Managing an extensive construction project like a gut renovation is challenging. As such, you’ll benefit greatly from working with an experienced general contractor. A general contractor (GC) usually has steady and long-standing connections to many subcontractors, so communication often goes smoothly. They will orchestrate and schedule architects, engineers, plumbers, electricians, and other skilled labor.

rchitects and gut renovations

Architects specialize in bringing ideas to fruition, and they must communicate with homeowners at a high level. An architect must have a crystal-clear vision of how to transform the current home into the space you dream of. Getting the input of the architect as early in the process as possible will be invaluable in helping you mentally walk through the steps in advance. Fortunately, Many Sweeten design-build firms have in-house architectural services. Also, some Sweeten contractors can refer an architect if the project needs one.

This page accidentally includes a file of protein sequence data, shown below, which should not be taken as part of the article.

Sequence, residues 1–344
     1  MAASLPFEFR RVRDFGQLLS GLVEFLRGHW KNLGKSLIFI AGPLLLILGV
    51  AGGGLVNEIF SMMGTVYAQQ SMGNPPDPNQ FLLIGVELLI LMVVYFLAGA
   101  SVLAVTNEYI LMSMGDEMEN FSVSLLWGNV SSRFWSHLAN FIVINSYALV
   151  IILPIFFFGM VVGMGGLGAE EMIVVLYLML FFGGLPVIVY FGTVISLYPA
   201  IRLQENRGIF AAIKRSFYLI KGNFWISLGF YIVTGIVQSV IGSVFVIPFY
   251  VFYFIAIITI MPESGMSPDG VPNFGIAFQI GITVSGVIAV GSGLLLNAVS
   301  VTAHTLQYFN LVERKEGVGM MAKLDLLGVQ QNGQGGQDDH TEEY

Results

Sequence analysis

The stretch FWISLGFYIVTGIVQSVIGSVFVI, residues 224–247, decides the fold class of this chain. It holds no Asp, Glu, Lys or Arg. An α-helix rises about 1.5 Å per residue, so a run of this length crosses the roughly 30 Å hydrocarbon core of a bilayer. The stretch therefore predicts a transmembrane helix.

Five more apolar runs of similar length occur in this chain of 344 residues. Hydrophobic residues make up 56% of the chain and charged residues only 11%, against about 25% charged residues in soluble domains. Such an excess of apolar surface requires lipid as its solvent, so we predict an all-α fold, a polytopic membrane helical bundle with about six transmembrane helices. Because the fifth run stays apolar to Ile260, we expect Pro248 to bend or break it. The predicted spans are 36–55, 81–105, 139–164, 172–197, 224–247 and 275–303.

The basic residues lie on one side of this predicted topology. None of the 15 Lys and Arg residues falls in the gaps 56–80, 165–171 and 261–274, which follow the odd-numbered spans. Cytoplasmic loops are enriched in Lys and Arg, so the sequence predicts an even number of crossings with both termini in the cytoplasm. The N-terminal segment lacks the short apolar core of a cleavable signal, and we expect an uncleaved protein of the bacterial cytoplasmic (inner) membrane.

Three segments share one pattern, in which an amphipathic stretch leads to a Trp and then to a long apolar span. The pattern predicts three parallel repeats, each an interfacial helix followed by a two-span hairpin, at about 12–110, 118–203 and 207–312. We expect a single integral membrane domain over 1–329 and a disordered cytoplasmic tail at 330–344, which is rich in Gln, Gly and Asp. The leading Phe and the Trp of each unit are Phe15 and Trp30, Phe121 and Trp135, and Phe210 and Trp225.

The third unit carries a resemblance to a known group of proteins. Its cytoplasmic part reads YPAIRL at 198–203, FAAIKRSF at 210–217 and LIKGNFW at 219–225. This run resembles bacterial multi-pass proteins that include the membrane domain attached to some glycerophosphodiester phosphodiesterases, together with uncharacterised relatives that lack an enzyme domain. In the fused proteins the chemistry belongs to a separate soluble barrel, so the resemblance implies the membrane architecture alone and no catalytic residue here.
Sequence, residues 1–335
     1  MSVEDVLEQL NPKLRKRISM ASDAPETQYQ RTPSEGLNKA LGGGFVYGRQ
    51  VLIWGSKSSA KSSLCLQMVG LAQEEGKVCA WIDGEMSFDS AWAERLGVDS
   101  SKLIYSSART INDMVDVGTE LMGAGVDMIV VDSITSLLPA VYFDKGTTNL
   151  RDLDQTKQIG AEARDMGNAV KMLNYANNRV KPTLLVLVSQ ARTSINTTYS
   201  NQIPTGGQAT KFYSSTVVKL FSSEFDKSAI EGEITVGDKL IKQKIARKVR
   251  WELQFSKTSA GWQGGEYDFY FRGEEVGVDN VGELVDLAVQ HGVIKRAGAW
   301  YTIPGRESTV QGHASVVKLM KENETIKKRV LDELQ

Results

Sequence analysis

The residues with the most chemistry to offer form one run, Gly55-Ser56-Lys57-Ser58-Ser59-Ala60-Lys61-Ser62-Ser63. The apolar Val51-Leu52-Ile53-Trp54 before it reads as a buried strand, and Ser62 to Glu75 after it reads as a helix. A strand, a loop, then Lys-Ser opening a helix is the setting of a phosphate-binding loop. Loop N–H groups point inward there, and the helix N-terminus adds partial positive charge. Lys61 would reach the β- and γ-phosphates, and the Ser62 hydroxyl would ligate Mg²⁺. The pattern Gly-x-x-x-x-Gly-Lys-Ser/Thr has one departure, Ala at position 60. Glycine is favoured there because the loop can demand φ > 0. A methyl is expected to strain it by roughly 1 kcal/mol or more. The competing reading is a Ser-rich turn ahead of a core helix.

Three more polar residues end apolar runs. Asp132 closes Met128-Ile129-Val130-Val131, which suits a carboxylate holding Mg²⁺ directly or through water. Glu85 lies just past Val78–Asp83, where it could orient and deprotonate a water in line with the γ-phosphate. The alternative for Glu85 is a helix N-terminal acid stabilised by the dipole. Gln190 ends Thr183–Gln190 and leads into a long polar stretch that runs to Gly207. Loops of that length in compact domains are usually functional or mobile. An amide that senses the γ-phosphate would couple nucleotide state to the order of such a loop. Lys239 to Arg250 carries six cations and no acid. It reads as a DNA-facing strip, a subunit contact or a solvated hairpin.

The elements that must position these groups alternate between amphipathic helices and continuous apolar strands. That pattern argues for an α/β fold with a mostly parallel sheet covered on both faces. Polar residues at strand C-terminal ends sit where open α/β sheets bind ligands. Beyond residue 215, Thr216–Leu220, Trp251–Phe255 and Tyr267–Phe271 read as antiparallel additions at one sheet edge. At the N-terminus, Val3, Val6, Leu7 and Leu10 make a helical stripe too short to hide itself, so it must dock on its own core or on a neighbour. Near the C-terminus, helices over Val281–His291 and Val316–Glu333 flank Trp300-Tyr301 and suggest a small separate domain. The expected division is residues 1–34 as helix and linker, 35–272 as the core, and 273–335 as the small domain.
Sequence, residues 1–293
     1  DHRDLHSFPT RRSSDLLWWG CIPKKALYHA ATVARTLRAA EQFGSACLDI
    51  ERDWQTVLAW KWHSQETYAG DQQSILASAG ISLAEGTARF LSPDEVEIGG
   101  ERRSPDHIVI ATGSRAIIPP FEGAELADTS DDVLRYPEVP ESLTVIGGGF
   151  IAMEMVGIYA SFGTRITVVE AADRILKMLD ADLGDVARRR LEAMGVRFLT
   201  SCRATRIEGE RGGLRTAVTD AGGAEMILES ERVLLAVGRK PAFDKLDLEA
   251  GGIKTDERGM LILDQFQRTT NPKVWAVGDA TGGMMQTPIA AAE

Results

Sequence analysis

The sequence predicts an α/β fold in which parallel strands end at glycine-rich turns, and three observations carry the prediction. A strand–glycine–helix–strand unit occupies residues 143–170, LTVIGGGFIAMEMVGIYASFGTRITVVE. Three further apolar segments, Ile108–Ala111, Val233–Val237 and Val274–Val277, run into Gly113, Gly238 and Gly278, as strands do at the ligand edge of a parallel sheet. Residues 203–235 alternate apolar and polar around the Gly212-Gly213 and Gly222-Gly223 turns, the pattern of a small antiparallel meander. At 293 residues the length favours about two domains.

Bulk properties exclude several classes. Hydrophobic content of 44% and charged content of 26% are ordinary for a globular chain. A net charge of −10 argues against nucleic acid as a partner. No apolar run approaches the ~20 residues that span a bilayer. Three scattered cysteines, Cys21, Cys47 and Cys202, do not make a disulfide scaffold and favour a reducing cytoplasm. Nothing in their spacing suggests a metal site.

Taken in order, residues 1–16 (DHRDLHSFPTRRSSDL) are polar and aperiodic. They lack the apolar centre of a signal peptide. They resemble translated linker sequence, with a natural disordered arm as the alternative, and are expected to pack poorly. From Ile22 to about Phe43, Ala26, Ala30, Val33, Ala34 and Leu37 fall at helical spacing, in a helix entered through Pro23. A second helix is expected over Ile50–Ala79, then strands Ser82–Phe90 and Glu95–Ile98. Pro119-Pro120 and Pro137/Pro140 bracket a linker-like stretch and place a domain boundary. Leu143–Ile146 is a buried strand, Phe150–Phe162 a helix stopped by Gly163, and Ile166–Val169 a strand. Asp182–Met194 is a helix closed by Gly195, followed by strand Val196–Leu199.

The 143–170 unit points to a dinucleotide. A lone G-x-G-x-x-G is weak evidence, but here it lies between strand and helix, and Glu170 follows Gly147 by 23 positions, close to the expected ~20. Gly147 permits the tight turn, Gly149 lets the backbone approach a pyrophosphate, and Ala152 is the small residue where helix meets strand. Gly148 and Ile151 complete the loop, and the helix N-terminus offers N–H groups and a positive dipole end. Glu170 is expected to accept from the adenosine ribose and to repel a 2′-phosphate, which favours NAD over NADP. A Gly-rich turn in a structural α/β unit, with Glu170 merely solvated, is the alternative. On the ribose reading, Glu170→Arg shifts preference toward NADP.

Starting a gut renovation

Gut renovating a home is a major project. Having an understanding of the process with the guidance of the right general contractor and team sets you on a path for a smoother renovation. And a step closer to your dream home.

Sweeten handpicks the best general contractors to match each project’s location, budget, scope, and style. Follow the blog, Sweeten Stories, for renovation ideas and inspiration and when you’re ready to renovate, start your renovation with Sweeten